Flightlessness in beetles

Flightlessness in beetles and more specifically the superfamily Scaraboidea, is a subject worth a separate mention.

Brachypterous Colophon westwoodi with vestigial wing visible. [image M. Cochrane, Iziko ] 

Macropterous Scarabaeidae with wings and elytra (wing covers) fully extended. I[image M. Cochrane, Iziko ] 


Flight is a major advantage to insects, the mobility allowing them to readily locate food, mates, better habitats and nesting sites. Yet, in spite of what seems to be an obvious advantage, some species have become, what is thought to be, secondarily flightless and/or wingless. That means that although beetles were originally flightless and later evolved the ability to fly, some of them lost that ability subsequently.  For many and varied reasons, evolution favoured this condition in some groups.

Depending on the degree of wing reduction, beetles are described as apterous (no wings), brachypterous (wings reduced, usually shorter than the elytra or wing covers, rendering the beetle flightless) and macropterous ( fully developed wings). Of the macropterous kind there are those that fly and those that are not capable of flight. It is interesting to contemplate these different degrees of flight capability. Is the apterous condition the phase of having lost the ability to fly or the phase just before wing development? Is macropterous without flight, an evolutionary phase before flight or the phase after full ability of flight? On the other hand, secondary flightlessness might just be scientific conjecture and might be nothing more than what was an ancestral character all along. Instead of evolving from soil feeding and flightlessness to having flight and feeding on dung in a moist habitat only to lose the ability when conditions changed, flightless species might have been flightless all along and merely adapted to the changing conditions.  

In many species, only the female is flightless (sexual wing dimorphism). This often relates to a balance of energy being invested in eggs and egg laying with energy for sperm and sperm production and energy for flight to locate females.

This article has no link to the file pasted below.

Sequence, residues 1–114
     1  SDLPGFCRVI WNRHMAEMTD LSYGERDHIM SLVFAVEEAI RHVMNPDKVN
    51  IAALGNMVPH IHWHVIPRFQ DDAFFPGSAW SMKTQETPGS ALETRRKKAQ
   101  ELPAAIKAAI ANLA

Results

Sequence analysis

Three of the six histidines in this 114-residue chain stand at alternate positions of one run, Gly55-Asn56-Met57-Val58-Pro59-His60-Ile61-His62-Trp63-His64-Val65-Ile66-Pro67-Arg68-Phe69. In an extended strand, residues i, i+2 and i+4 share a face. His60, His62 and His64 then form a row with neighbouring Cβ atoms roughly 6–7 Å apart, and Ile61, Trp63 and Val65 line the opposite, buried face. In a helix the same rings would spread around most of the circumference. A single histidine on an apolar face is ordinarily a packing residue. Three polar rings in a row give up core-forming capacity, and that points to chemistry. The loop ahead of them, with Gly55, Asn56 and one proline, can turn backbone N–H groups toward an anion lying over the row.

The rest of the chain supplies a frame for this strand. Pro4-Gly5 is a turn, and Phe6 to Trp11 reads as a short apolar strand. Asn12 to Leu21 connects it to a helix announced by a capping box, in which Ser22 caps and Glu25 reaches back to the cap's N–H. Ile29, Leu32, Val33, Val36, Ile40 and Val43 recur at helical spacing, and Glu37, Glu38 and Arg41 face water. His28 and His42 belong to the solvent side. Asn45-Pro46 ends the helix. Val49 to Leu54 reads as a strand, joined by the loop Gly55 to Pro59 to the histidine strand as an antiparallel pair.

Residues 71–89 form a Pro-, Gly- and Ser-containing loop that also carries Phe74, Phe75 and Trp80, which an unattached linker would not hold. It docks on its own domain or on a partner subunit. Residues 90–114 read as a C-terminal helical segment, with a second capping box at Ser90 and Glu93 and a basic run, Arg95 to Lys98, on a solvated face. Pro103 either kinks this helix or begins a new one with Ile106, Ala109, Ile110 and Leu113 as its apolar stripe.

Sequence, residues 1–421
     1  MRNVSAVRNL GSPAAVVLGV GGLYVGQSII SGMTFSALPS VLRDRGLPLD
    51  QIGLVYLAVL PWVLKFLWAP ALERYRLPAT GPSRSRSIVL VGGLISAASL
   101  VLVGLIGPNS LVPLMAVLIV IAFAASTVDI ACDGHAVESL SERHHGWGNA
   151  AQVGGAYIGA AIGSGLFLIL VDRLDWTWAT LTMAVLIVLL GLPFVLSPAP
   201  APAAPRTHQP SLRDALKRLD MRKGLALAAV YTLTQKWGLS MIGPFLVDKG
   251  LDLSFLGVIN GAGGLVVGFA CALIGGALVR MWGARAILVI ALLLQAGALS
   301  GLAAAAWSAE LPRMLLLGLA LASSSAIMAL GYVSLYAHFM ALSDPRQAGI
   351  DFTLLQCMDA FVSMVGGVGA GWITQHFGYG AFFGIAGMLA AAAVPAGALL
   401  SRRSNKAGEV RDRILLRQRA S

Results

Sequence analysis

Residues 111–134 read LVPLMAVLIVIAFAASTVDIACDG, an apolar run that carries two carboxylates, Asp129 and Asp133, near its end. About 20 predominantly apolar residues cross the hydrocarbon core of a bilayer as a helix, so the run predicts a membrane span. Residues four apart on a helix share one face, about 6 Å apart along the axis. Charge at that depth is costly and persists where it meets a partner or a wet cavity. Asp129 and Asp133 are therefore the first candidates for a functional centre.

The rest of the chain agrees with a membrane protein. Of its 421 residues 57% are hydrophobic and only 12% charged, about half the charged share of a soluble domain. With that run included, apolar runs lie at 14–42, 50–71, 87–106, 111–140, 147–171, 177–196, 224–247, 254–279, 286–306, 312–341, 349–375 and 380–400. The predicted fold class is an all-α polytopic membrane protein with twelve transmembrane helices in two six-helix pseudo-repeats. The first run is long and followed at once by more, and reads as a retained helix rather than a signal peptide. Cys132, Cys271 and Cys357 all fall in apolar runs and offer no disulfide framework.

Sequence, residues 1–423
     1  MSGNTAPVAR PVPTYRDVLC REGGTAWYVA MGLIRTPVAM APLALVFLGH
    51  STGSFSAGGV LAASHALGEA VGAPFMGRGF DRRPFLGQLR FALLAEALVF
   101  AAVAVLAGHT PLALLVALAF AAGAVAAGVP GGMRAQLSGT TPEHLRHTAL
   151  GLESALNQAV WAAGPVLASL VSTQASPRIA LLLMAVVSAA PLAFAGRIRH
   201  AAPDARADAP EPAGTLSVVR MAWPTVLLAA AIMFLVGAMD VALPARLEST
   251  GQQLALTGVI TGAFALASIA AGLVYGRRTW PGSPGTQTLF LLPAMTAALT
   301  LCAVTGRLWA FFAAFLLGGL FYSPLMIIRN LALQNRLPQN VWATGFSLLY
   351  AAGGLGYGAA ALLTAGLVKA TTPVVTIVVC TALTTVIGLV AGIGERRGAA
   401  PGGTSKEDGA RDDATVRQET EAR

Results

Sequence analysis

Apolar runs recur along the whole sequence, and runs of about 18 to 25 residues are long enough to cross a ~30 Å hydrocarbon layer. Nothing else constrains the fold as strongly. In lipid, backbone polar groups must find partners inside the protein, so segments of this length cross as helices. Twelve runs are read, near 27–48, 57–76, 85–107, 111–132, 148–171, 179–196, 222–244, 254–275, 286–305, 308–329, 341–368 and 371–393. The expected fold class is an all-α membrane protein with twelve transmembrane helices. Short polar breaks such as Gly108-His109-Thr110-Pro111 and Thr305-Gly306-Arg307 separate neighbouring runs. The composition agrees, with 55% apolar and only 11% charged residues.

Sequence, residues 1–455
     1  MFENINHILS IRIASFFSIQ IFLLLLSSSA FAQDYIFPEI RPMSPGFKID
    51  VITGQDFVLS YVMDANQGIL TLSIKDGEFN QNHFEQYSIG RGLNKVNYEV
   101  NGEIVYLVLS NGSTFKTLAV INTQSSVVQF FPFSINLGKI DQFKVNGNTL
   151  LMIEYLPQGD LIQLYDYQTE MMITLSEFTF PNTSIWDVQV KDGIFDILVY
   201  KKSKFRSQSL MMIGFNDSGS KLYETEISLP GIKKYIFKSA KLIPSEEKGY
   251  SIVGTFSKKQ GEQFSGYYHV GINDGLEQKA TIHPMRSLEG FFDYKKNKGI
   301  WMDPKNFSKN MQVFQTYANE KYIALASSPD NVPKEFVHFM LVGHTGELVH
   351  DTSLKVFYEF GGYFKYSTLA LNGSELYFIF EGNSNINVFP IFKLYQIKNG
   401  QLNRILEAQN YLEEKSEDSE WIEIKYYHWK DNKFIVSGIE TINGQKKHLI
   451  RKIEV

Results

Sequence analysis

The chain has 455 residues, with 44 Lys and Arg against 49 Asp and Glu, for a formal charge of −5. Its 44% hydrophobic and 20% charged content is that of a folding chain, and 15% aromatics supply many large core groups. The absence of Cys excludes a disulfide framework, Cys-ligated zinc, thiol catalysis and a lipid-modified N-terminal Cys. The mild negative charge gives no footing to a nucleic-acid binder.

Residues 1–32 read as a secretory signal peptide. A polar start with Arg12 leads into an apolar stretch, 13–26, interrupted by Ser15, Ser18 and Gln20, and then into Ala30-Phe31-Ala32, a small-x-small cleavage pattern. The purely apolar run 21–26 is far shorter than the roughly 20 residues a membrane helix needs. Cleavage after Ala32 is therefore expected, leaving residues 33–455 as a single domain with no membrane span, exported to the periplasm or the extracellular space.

Flightlessness and the ability to fly seems to have evolved from a complex inter-relationship of energy, food location and collection, mate location, reproduction and environment. Energy is required to find and process foods, the location of mates and the successful production and distribution of offspring. This takes place in varied and changing habitats ranging from wet, temperate forest, savannahs to deserts. Within the varied habitats and conditions, the food source varies from being almost soluble and easy to assimilate such as dissolved nutrients in soils to organisms such as fungi in soils, foods in the form of wet or dry dung, and in some cases the food that is dry and needs to be processed before assimilation by processes like fermentation. So, depending on each species' requirements amongst all these variations, some evolved the need for flight and others not.

Possible factors that led to the evolution of secondary flightlessness were: a decrease in environmental heterogeneity, geographic/climatic variables, gender, alternative modes of migration, change in food supply and a natural propensity in some groups.

Flightlessness is associated with homogenous environments such as deserts, forests, islands, mountains, specific habitats and increased altitude. High mountains, cold and high wind would also favour flightlessness. Flightlessness is also more common in females and parthenogenetic species.

It is believed that the ancestral scarabaeoids were adapted to life in the soil, and like many flightless species today, occurred in stable and persistent microhabitats such as soil and decomposing wood. The progression from the passive feeding on humus in the soil to decaying wood and then to a more active collection of and feeding on dung would have been a natural one with the radiation of mammal species.

Where fresh dung is the food source, rapid mobility is required to get to it before it dries out. Collectors of dry dung, detritus and fungi in soil would require less mobility. Scholtz (2000) cites an interesting Australian beetle that feeds on detritus in a wet, montane coastal forest region. The males collect leaves from the forest floor and this is carried to pre-excavated burrows. There the female masticates the leaves, compresses it into dung-like ball and lays the eggs in them and they serve as food for the brood. All the South African Pachysoma species occur in Desert and coastal sand habitats where they collect and process dry dung. One wonders if these are secondary adaptions to changes in food availability and habitat or retained ancestral behaviours adapted for a changed environment.

South Africa and Australia seem to be similar in that most flightless scarab species occur in refuge areas where there has been a long history of environmental stability such as mountains, relict forests, deserts and other arid areas. Evidence suggests that flightless scarabaeoids not only occur in environmentally stable habitats but also habitats that are poor in species diversity and associated interactions and also habitats that are poor in other scarabaeoid fauna.

    Colophon home

  Images and text by Margie Cochrane

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